Heavenly Father, at times I make things so much more complicated than they need to be. (Enormous understatement) This is certainly the case when it comes to spiritual warfare. When I look back over the years at all the different teachings I’ve had about “fighting the devil”, much of it promoted more fear than faith… more phobia than freedom… more preoccupation with darkness than fascination with the Light of the World. Somewhere along the line, I missed the image of a fleeing devil. Alas, another arena for gospel-sanity.

Certainly Father, I know that I cannot afford to be na├»ve about the deceitful and destructive schemes of the enemy. Because of Jesus’ cross, he knows his time is short and he is filled with fury. En route to his secured demise, he ramps up his seducing, tempting, distorting, persecuting, lying, accusing and condemning ways, every opportunity he gets.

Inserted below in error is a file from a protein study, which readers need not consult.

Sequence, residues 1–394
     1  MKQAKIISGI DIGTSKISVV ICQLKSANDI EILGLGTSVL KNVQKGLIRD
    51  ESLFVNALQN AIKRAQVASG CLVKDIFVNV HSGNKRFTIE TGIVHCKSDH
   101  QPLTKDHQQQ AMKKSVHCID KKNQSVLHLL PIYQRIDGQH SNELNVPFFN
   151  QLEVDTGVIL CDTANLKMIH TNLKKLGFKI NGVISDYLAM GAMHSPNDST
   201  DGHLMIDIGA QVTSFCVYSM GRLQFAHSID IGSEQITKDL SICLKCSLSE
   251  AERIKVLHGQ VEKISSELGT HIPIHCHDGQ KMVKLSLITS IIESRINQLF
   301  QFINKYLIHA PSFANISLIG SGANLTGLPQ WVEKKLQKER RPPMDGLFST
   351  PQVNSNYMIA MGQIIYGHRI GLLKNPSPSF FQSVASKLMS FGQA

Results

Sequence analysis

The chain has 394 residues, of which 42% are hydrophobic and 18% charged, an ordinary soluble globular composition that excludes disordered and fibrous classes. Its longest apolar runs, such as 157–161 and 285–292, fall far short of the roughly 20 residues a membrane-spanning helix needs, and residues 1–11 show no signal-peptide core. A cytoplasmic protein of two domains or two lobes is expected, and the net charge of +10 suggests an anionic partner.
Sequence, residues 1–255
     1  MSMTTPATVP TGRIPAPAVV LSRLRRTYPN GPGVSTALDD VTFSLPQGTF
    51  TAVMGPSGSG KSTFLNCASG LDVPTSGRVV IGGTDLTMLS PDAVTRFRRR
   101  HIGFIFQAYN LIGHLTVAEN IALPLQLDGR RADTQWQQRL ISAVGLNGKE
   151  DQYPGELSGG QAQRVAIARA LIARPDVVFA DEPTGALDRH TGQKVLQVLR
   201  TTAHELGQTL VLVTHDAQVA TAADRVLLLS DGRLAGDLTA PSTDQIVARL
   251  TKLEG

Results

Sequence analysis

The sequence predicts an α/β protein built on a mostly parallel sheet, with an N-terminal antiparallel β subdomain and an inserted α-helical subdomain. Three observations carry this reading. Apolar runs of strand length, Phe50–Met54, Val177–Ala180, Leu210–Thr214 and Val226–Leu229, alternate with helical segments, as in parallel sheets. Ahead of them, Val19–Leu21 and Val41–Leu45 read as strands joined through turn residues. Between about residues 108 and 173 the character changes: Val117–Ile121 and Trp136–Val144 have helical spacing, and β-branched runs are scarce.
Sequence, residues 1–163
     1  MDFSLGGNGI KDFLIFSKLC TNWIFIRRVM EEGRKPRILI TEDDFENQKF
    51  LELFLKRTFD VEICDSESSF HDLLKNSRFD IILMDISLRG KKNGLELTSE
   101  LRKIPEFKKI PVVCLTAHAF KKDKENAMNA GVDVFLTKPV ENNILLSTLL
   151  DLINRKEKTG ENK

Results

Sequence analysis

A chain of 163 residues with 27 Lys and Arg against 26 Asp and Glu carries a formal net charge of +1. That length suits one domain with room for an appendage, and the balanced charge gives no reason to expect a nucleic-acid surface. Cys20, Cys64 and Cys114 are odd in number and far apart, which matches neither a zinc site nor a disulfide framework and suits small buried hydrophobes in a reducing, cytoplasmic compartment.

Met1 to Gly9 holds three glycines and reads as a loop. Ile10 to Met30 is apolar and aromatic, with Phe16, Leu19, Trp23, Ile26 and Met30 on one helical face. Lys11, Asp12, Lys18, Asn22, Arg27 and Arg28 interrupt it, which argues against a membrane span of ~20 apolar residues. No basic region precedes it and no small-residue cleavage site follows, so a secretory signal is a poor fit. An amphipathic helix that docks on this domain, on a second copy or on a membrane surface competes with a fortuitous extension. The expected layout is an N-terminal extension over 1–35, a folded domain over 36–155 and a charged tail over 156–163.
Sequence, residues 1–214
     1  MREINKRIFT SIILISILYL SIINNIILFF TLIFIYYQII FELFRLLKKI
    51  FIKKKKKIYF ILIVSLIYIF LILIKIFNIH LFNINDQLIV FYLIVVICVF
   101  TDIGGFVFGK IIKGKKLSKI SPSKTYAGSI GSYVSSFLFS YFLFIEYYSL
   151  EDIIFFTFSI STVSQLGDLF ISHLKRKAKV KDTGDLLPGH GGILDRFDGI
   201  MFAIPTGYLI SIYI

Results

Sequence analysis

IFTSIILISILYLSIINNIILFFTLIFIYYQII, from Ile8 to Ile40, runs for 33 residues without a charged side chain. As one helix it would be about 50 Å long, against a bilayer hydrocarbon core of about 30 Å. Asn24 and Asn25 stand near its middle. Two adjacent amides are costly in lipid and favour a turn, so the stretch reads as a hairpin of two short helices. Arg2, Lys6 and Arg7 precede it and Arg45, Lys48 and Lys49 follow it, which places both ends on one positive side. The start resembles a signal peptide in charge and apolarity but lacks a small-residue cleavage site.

But, even more so, I can no longer afford to be ignorant of how to resist the devil with the gospel. So today, Father, because the gospel is true, I humble myself before you. Only the gospel frees me to see and own my weakness and susceptibility to the devil’s schemes. I’ll not be sucker-punched by my arrogance and pride. I need the gospel today as much as the first day you justified me by the faith and grace you freely gave me. I trust you, in this moment, for all the grace I’ll need to live for your glory in this one day.

Accordingly, Jesus, I submit to you as my Prophet, Priest and King, right now. You’re my wisdom and my righteousness, my holiness and my redemption. I’ll not boast in anything about me, I’ll simply boast in you. I’ll resist the devil’s deceitful and damning ways by looking unto you, and pondering your beauty and bounty. With the eye of faith, I set my gaze on you, the author and perfecter of my faith. I’m not even going to glance at the devil as he flees. I just want to keep my eyes on you, Jesus. So very Amen, I pray, in your powerful and present name.